What Convictions Serve as Disqualifiers for Firearm Possession?
Under 18 U.S.C. § 922(g)(1), most individuals with a criminal conviction that carries a potential term of imprisonment of more than one year are barred from possessing firearms. But there are two fairly large caveats (and a few smaller ones I'll ignore in this post), one constitutional and one statutory. First, many courts are now entertaining as-applied Second Amendment challenges to these laws, and such challenges will continue to be a mechanism for those with old or nonviolent past convictions to seek an exemption from the federal prohibition. Second, federal law provides that “[a]ny conviction which has been expunged, or set aside or for which a person has been pardoned or has had civil rights restored shall not be considered a conviction for purposes of this chapter.” This second route is a much more robust one, as many states are moving to make their rights restoration (also known as relief-from-disabilities) programs broader and easier to access.
But that does not always provide the promise it appears to. Consider a new decision from the Idaho Supreme Court, responding to a certified question from the Ninth Circuit in United States v. Gutierrez. In 2000, Antonio Gutierrez was convicted of two felony burglary counts in Idaho state court. Several years later, a state court reduced his convictions to misdemeanors under a state law that allows such relief for those who have stayed out of trouble. That order stated that Gutierrez should no longer “be considered a convicted felon because he has successfully complied with the terms and conditions of probation and paid all restitution/reimbursement and fines in full.”
The answer to the Ninth Circuit's question was not that simple, however. Idaho law generally provides that “upon final discharge, a person convicted of any Idaho felony shall be restored the full rights of citizenship.” But it carves out as an exception to that broad rule certain felony offenses, including Gutierrez’s original burglary offenses. As the court said, “[f]or those individuals, [state law] provides a separate mechanism for firearm restoration: five years after final discharge of their sentence, a person convicted of an enumerated felony ‘may make application to the commission of pardons and parole to restore the civil right to ship, transport, possess or receive a firearm.’” The Idaho Supreme Court held that even though Gutierrez’s original conviction was reduced, he still fell into the category of individuals whose (original) convictions made them ineligible for automatic restoration. As such, he was required to go through the separate restoration process and until then he was still barred from possessing firearms. The court made clear its limited holding (and also, underscored the uniqueness of guns):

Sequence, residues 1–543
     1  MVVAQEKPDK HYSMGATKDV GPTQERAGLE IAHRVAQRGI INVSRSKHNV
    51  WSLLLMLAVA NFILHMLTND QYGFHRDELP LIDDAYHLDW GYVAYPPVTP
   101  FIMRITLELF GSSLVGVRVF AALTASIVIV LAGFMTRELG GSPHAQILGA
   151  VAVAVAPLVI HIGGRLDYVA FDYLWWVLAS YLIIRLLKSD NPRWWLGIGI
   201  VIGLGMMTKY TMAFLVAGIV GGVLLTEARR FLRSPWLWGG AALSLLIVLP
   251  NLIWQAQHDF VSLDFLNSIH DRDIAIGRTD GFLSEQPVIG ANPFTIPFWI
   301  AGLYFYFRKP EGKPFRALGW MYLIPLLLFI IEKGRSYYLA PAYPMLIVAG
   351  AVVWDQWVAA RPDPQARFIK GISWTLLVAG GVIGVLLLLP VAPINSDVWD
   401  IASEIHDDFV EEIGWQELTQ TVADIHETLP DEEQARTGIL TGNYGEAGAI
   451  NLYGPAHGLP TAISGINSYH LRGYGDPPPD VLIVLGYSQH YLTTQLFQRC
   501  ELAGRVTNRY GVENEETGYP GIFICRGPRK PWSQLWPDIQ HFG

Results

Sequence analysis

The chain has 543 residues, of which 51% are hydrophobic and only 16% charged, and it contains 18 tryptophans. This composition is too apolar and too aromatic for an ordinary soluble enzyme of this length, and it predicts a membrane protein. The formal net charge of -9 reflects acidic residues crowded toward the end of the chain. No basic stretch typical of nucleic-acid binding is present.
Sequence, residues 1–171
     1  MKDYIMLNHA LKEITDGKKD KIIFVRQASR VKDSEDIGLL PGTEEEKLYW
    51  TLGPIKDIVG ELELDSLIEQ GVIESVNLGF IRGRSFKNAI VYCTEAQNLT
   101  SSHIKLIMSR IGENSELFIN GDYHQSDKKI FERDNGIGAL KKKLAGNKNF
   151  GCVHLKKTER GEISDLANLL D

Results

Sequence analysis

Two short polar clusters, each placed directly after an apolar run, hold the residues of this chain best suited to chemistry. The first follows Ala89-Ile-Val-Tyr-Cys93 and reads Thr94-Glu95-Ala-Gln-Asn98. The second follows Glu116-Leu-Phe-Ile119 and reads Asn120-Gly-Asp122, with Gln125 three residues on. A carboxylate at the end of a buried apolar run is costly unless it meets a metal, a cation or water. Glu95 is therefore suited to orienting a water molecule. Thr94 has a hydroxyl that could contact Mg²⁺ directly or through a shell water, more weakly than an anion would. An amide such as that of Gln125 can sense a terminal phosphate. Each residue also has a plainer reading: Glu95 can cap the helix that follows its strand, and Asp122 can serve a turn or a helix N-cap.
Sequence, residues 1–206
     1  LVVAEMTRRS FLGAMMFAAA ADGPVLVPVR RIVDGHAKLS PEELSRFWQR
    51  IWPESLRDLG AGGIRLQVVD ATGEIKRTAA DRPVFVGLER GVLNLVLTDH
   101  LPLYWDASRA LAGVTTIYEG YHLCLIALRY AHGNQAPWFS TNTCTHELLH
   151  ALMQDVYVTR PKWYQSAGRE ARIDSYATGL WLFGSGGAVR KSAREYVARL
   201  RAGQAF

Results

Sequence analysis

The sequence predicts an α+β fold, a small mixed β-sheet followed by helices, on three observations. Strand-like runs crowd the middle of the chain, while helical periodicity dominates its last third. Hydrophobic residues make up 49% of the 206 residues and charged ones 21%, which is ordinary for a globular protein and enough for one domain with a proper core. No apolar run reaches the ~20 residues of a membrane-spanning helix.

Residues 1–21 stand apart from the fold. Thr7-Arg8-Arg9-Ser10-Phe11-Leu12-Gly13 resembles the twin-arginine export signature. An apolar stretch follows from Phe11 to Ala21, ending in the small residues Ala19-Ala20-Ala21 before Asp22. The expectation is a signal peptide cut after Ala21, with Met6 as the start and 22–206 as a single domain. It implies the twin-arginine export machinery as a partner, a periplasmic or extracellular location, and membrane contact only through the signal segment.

Our decision today is narrowly tailored to the question regarding the automatic restoration of firearm rights, which is specifically governed by statute. This opinion does not support the inference that a defendant who has had his conviction amended to a misdemeanor would still carry the trappings of a felony conviction in any area other than firearm rights. As an example, such an individual would be fully eligible to vote, to serve on a jury, or to hold public office.
Although the case settled the matter of technical illegality, that may not be enough for the government to sustain a conviction of Gutierrez in federal court for unlawful possession. In Rehaif, the Supreme Court held that to sustain a conviction under § 922(g)(1), the government must prove that the defendant knew the status that made him ineligible to possess firearms. That does not mean that a person must know he was legally barred from possessing firearms, but it does require knowledge of one's status. It seems reasonable to suggest that Gutierrez may have an argument that he did not have knowledge of his disqualifying status, though I have not looked at the underlying record to see if Gutierrez raised a Rehaif issue or not.
The Idaho Supreme Court case is also noteworthy because of the group of amici arguing in Gutierrez’s favor – The Idaho Association of Criminal Defense Lawyers, Firearms Policy Coalition, Second Amendment Foundation, Idaho Second Amendment Alliance, Federal Defender Services of Idaho, and the Federal Defenders of Eastern Washington and Idaho. In Bruen, a group of public defenders also filed an amicus brief in common cause with gun rights groups that argued New York’s concealed carry licensing scheme is unconstitutional.